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Good morning, and welcome to March (already!)

We are pleased to provide an update from Insight Investments (attached) as well as some of our own comments.

Back in 1980, famed Producer Martin Scorsese teamed up with Robert DeNiro, Joe Pesci and some other all-stars for the movie “Raging Bull”, which went on to score DeNiro a Best Actor Oscar for his portrayal of former middleweight champion, Jake LaMotta. LaMotta was nicknamed ‘the Raging Bull’ for his brawling, bullying and stalking style (most of us have seen this in more recent times from “Iron” Mike Tyson). An investment ‘bull market’ was derived from another of the animal’s characteristics. Bulls thrust their horns up in attack, symbolising the upwards movement in share prices.

By contrast, ‘bear markets’ and their falling share prices are named after the downward swiping of a bear’s paws used to defeat its prey. 2024 has mostly continued the raging bull market that started in October last year, particularly for Big 7 in the USA being Apple, Google, Microsoft, Amazon, Meta Platforms, Tesla and Nvidia. The US sharemarket has surged over 30% from its October lows and has pierced through the 39,000 barrier as it made its way to a new all-time high. In fact, it has risen 17 of the last 19 weeks – a hot streak only last achieved way back in 1972 (what a great year that was…. 😉)

But despite this bullish rampage, there is one part of the market that has missed the party and is still being swiped by the bear: the smaller company sector. While that creates challenges in the short term, the good news is that, for patient investors, it is throwing up the most attractive valuations seen in decades and has created fantastic long-term opportunities.

We will continue to support the smaller company sector via the allocations in your portfolios to take advantage of what we see is a rare opportunity. We will also continue to rely on the specialist investment managers within your portfolios to continue to provide downside protection for when we experience the next correction/fall in markets, which as we know is inevitable. The nature of markets for the past 100 years has been 2-3 steps forward and 1 step back and we do not see this changing.

U.S. exceptionalism continues in 2024
Below, we can see the total returns (represented by diamonds) of the major global share markets, including Australia so far in 2024, in Australia dollar terms.

Source: JP Morgan Guide to Markets.

The USA leads the way, with earnings per share (EPS), valuation multiples and currency (a falling AUD versus USD) all contributing to a total return over 10%. Returns from the Australian share market this year have not been at the same level, with no benefit from currency. Interestingly the Chinese market has been an outlier, falling over 7% (before a currency benefit). Valuation multiples have declined, with a collapsing property market, slowing growth and deflation all sapping investor confidence. But, as mentioned, the smaller company sector also have been a laggard, with U.S. small caps (Russell 2000) down -0.8% in US dollar terms (but a better 4.1% in AUD terms), while Australian small caps are up just 1.1% (all to 9th February).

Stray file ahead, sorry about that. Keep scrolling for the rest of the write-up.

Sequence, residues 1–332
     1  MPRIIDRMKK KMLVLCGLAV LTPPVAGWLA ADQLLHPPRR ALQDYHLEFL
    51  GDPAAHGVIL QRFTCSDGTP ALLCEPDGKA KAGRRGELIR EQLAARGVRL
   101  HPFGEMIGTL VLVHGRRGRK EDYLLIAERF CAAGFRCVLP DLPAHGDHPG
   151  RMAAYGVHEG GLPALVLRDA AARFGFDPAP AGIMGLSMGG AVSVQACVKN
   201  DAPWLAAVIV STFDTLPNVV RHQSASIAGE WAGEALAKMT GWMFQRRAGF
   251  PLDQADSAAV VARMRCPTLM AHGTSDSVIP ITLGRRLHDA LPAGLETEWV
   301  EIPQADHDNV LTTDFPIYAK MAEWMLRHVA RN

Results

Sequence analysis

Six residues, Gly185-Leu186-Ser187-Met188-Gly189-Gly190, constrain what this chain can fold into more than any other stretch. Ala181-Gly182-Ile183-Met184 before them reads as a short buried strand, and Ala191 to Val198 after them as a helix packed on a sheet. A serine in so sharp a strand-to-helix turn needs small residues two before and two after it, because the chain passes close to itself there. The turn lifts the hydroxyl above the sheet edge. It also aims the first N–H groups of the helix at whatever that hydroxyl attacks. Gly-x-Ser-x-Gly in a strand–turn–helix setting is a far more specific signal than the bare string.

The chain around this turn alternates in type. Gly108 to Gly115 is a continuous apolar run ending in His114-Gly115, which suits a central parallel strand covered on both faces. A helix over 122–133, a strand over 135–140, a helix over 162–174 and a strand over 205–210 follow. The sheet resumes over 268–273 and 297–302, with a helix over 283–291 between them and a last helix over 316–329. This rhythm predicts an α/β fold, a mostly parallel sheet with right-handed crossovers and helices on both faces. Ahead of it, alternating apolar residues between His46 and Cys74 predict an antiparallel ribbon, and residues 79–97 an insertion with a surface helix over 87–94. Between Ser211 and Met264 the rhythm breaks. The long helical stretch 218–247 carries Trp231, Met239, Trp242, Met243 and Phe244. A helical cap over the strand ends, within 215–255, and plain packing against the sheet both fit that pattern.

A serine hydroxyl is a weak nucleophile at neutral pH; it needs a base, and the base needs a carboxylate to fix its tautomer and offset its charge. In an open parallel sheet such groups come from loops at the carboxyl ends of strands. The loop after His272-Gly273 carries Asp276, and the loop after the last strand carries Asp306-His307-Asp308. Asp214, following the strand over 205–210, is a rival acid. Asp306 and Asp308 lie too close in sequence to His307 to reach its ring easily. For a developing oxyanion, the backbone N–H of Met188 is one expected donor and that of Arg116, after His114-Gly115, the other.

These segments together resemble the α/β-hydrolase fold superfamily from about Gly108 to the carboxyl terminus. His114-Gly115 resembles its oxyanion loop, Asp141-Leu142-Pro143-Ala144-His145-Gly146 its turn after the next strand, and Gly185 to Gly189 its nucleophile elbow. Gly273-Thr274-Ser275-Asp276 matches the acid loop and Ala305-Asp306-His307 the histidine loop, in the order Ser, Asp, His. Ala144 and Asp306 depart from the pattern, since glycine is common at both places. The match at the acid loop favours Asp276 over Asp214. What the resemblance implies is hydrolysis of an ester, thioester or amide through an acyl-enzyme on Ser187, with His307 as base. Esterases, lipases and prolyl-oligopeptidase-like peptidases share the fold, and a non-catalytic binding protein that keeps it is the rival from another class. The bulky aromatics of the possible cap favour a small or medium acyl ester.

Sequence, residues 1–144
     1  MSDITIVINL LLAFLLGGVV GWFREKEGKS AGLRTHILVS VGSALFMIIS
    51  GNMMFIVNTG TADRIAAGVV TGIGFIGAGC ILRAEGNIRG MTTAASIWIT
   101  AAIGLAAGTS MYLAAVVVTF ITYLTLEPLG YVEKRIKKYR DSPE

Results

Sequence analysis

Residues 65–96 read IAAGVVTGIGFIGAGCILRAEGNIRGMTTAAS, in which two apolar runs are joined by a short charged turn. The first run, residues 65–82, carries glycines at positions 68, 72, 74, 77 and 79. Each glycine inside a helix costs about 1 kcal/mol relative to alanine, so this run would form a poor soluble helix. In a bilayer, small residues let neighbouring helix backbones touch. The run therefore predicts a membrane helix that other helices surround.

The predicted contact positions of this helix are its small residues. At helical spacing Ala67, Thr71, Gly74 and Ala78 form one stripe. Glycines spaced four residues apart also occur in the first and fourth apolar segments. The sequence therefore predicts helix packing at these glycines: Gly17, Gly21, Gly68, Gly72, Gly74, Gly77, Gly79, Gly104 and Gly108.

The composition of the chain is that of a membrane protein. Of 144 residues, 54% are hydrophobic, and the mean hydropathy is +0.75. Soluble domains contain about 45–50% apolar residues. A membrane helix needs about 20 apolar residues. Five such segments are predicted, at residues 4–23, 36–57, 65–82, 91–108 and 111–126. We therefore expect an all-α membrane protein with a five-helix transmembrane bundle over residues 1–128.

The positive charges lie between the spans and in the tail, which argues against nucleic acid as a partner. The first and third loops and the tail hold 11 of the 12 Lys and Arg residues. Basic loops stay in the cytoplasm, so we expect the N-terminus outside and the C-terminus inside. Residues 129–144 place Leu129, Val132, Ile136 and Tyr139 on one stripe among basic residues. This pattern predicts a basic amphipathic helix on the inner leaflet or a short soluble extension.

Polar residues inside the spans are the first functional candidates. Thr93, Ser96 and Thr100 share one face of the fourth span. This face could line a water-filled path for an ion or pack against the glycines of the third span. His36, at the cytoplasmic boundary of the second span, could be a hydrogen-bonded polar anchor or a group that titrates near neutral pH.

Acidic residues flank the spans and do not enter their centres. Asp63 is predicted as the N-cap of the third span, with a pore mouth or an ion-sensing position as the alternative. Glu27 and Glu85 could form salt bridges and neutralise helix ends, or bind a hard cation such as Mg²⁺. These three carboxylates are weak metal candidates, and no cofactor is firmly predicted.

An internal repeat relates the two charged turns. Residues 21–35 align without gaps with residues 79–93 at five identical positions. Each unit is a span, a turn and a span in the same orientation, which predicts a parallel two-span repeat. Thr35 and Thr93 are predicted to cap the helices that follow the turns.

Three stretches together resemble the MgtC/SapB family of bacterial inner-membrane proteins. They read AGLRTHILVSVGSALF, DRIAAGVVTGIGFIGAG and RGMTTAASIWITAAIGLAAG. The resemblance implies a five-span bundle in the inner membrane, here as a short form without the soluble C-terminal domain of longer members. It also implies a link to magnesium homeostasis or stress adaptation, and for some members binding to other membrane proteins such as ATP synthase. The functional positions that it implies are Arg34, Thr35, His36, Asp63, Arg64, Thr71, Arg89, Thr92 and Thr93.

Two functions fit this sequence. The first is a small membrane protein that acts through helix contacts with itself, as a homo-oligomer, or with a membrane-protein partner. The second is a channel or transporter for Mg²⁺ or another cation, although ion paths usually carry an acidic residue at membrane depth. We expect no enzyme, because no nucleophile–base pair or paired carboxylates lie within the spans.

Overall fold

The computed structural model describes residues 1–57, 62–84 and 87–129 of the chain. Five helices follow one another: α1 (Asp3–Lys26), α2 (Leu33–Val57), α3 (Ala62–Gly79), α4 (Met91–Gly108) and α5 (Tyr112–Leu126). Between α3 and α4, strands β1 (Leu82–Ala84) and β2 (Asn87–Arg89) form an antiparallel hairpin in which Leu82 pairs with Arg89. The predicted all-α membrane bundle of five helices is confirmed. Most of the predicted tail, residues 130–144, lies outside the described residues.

Why earnings matter most long term
New investors might look at the chart above and worry that there are so many components to manage in generating total investment returns:

• Earnings per share (EPS) growth;
• Expansion or contraction in valuation multiples, such as price-to-earnings ratios;
• Dividend growth; and
• Currency movements.
• The reality, however, is that only one really matters in the long term: EPS growth.

Why? Valuation multiples and currency movements, particularly if investors don’t buy when they are at extremes, tend to ‘wash out’ in the long term. And dividend growth is highly dependent on earnings because dividends cannot grow long term if earnings are not growing. One simple but excellent way of picturing the impact of earnings on both the value of individual company share prices and the price of the share market as a whole, over time, is the chart below.

Over short periods, like a day or a few months, earnings do not move total returns much. You can see this in the red (EPS) bars in the top chart above. The red bars clearly had a smaller impact on total returns over the 5-6 week period covered in 2024. What dominates the movement in share prices and the market in the short term, putting aside any currency movements, is investor sentiment, which is responsible for increasing or decreasing valuation multiples.

A cheery market typically sees multiples increase; a dour market sees multiples fall. Unless you are possessed with an other-worldly ability to predict the future sentiment of the masses, the sentiment prediction game is a tough one to win and is more akin to gambling at the casino. For the long-term investor, though, sentiment matters little. Earnings win the day, long term. As famed investor Peter Lynch, who ran the successful Magellan Fund at Fidelity back in the 1970s and 80s once said:

“Often, there is no correlation between the success of a company’s operations and the success of its stock over a few months or even a few years. In the long term, there is a 100 percent correlation between the success of the company and the success of its stock. This disparity is the key to making money; it pays to be patient, and to own successful companies.”

We trust this is informative, however please do not hesitate to contact us should you have any queries or questions.

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